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From: Jonathan Turkanis (technews_at_[hidden])
Date: 2005-04-18 15:51:16

George M. Garner Jr. wrote:
> Johnathan,
>> I'd appreciate it if you would comment out the declaration and
>> implementation of xsgetn and see if you still experience problems.
> It makes the problem worse. Then I get reads for a single character
> from std::streambuf<>::uflow():
> virtual int_type uflow()
> { // get a character from stream, point past it
> return (_Traits::eq_int_type(_Traits::eof(), underflow())
> ? _Traits::eof() : _Traits::to_int_type(*_Gninc()));
> }

underflow or uflow should only be called when the input buffer is empty. The
only effect of removing xsgetn should be that the default xsgetn kicks in. The
default reads up to n characters "as if by repeated calls to sbumpc()," which
means it reads from the buffer, filling it as necessary using uflow.

>>> Fortunately, it is relatively trivial to disable Iostreams buffering
>>> altogether and write a buffering_shim_filter.
>> You can simply set the buffer size to zero when you add a filter to a
>> chain.
> Actually not! I was much chagrinned to find that you cannot disable
> input buffering. Setting the input buffer and pback buffers to 0
> actually results in an input buffer size of either 4 or 1, depending
> on whether or not I disable your STLPort workaround.

Unfortunately I'm not sure it's really a "workaround." As far as I can tell,
STLPort's implementation is conforming, which means the buffer-sizing policy is
necessary to handle an arbitrary conforming standard library.

> :-( I do think
> it should be possible for someone not using STLPort to disable input
> buffering.

The stream buffers in a chain provide the guarantee that a single character can
always be put back, so a buffer size of at least one is necessary. I guess I
could relax this requirment for stream buffers which are not part of a chain,
but I'd have to be convinced that maintaining a putback buffer is sometimes a
performance bottleneck.

> The following modified code appears to work:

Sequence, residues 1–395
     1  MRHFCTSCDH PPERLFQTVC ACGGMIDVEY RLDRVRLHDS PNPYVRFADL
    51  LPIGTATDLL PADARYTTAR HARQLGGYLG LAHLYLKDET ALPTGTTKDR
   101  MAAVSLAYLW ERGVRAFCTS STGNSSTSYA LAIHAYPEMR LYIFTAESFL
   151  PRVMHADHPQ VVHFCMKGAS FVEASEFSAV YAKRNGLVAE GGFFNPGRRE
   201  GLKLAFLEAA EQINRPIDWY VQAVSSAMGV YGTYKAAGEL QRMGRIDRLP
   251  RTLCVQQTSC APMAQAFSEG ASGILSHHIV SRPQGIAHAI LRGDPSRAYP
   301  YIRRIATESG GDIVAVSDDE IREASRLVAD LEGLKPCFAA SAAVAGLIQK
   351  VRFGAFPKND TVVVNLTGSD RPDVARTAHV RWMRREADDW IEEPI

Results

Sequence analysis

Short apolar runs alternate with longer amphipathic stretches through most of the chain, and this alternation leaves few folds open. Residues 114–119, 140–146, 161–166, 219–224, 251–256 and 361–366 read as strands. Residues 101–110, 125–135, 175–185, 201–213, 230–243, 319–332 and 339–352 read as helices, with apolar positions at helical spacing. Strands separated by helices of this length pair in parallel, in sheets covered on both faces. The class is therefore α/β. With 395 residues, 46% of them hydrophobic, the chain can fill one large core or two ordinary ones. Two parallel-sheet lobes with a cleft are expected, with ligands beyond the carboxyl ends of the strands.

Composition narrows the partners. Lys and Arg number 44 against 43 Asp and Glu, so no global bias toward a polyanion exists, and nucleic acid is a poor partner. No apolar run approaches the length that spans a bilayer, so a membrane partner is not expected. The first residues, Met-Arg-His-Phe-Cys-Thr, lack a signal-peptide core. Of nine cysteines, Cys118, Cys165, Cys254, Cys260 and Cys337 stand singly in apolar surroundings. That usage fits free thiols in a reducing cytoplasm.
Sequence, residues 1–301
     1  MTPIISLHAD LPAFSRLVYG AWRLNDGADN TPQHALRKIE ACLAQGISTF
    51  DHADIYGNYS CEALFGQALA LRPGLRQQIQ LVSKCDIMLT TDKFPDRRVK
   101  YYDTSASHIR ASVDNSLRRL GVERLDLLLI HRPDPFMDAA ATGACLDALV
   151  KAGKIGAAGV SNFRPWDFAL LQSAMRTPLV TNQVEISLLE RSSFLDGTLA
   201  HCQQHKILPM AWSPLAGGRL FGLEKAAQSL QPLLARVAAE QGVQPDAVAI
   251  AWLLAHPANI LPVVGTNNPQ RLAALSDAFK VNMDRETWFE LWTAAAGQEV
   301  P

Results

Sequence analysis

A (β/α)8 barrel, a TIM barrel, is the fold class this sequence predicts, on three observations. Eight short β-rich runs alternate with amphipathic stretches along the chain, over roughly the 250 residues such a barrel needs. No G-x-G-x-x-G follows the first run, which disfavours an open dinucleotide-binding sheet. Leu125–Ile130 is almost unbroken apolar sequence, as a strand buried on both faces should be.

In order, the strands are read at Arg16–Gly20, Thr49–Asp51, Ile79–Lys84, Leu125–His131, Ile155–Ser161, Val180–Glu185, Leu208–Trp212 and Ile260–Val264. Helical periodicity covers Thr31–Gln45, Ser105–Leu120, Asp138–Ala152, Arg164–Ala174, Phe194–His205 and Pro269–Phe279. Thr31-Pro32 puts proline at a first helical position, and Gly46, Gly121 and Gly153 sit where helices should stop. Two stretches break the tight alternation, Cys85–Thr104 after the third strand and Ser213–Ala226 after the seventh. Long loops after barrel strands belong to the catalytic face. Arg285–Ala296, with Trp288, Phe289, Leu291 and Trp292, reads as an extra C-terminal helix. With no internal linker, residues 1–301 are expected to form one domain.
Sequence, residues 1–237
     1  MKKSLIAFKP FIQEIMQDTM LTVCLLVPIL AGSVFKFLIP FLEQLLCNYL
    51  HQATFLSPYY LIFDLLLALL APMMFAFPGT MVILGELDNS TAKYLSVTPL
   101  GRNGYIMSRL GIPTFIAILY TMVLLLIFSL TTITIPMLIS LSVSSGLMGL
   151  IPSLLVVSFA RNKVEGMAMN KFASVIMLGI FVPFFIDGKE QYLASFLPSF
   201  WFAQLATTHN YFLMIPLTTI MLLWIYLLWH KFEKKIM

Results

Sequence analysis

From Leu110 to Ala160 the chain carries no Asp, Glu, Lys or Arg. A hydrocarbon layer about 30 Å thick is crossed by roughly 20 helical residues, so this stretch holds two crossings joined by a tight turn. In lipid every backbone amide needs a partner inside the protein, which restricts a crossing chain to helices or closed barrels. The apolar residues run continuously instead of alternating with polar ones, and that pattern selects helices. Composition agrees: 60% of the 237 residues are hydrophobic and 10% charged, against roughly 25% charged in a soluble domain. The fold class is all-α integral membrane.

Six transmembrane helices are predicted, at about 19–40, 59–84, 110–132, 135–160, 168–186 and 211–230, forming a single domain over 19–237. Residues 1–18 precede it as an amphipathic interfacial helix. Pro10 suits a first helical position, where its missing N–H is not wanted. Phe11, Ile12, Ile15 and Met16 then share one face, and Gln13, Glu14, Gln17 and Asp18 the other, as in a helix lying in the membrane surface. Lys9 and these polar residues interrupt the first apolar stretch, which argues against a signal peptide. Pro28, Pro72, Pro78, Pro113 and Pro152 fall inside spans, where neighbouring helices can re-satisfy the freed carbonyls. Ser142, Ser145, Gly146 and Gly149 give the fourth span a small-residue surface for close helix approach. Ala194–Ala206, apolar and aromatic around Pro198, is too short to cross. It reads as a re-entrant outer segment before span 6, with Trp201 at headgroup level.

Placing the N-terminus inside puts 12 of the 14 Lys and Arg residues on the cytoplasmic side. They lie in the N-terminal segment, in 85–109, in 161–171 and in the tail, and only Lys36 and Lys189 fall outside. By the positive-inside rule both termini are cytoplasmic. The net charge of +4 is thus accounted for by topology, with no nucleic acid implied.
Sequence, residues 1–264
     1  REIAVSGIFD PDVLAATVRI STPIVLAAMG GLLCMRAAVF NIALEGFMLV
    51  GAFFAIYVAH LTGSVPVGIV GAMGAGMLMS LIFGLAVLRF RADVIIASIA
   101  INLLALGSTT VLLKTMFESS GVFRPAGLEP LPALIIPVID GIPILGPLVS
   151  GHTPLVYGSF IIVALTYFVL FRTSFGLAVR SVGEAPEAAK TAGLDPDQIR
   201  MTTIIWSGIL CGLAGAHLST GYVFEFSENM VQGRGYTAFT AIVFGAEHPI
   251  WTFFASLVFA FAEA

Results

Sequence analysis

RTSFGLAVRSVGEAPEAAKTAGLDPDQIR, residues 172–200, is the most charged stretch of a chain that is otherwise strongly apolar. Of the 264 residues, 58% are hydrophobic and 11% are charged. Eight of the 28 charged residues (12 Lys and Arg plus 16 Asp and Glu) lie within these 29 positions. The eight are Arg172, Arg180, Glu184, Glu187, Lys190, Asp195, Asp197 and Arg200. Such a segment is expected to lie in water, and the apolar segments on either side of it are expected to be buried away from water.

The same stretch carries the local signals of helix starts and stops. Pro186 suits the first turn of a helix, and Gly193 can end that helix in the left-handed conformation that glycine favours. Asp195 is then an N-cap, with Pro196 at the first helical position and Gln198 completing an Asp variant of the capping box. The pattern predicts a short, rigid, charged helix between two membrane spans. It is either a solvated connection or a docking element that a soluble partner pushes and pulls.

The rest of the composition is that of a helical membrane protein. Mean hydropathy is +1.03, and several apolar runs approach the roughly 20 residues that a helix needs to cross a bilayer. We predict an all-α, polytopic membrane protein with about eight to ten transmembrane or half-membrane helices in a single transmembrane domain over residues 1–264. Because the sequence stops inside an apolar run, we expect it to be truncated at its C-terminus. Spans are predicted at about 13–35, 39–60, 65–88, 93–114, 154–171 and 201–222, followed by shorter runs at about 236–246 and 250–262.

Thanks for the code. Unfortunately I can't test it now, since I'm in the middle
of adding support for non-blocking i/o and the codebase is in flux.

Would it be fair to characterize you code as follows?

1. undeflow and xsgetn both contain speicial code to handle the unbuffered case
2. xsgetn fills the request by invoking the underlying source only if n is big;
otherwise it fills the request from the buffer, calling overflow as necessary.

Regarding 1, I'd like to handle the unbuffered case by writing a separate stream
buffer, unbuffered_streambuf, which combines the unbuffered sections from the
various indirect_streambuf virtual functions. This would offer a tiny
performance advantage, because there would be no check for the unbuffered case
while performing i/o, but mostly it would make the code easier to read.
Unfortunately, the necessity to deal with STLPort-type implementations makes
this impractical. If I could be convinced that STLPort's behavior is
non-conforming, I might do this. That still leaves the question whether the
"unbuffered" streambuf should have a putback buffer of size 1, as is usual.

Regarding 2, your implementation of xsgetn is essentially the same as a quality
default implementation, except for the optimization for very large n. In the
absence of data showing the large n optimization is significant, I'd prefer to
use the default implementation to spare code size.

I'm interested to know whether I've understood your code correctly, whether you
think always providing a putback buffer of size is unreasonable, and whether you
think the optimization for large n is critical.

Best Regards,

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